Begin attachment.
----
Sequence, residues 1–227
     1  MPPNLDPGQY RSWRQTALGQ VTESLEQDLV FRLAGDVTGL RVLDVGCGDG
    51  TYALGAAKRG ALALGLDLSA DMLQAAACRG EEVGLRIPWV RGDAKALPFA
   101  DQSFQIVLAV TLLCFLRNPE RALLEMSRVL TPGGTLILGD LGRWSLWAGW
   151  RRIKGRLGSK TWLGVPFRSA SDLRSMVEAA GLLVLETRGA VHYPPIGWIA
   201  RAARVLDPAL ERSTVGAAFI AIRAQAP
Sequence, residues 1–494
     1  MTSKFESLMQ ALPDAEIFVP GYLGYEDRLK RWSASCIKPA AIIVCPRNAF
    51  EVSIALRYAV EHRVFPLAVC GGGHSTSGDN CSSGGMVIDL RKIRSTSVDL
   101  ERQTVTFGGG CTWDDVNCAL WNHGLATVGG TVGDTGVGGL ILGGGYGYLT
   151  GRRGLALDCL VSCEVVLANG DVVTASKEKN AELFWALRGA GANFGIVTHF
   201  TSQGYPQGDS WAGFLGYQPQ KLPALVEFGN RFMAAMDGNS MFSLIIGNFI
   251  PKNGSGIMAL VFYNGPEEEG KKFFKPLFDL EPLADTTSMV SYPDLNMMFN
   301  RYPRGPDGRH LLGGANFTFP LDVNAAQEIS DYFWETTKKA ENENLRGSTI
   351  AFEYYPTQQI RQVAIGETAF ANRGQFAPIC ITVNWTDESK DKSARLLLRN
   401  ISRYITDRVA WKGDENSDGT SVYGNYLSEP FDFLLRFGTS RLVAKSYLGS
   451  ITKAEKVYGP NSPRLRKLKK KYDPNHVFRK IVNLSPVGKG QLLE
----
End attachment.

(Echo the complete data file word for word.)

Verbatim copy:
Sequence, residues 1–227
     1  MPPNLDPGQY RSWRQTALGQ VTESLEQDLV FRLAGDVTGL RVLDVGCGDG
    51  TYALGAAKRG ALALGLDLSA DMLQAAACRG EEVGLRIPWV RGDAKALPFA
   101  DQSFQIVLAV TLLCFLRNPE RALLEMSRVL TPGGTLILGD LGRWSLWAGW
   151  RRIKGRLGSK TWLGVPFRSA SDLRSMVEAA GLLVLETRGA VHYPPIGWIA
   201  RAARVLDPAL ERSTVGAAFI AIRAQAP
Sequence, residues 1–494
     1  MTSKFESLMQ ALPDAEIFVP GYLGYEDRLK RWSASCIKPA AIIVCPRNAF
    51  EVSIALRYAV EHRVFPLAVC GGGHSTSGDN CSSGGMVIDL RKIRSTSVDL
   101  ERQTVTFGGG CTWDDVNCAL WNHGLATVGG TVGDTGVGGL ILGGGYGYLT
   151  GRRGLALDCL VSCEVVLANG DVVTASKEKN AELFWALRGA GANFGIVTHF
   201  TSQGYPQGDS WAGFLGYQPQ KLPALVEFGN RFMAAMDGNS MFSLIIGNFI
   251  PKNGSGIMAL VFYNGPEEEG KKFFKPLFDL EPLADTTSMV SYPDLNMMFN
   301  RYPRGPDGRH LLGGANFTFP LDVNAAQEIS DYFWETTKKA ENENLRGSTI
   351  AFEYYPTQQI RQVAIGETAF ANRGQFAPIC ITVNWTDESK DKSARLLLRN
   401  ISRYITDRVA WKGDENSDGT SVYGNYLSEP FDFLLRFGTS RLVAKSYLGS
   451  ITKAEKVYGP NSPRLRKLKK KYDPNHVFRK IVNLSPVGKG QLLE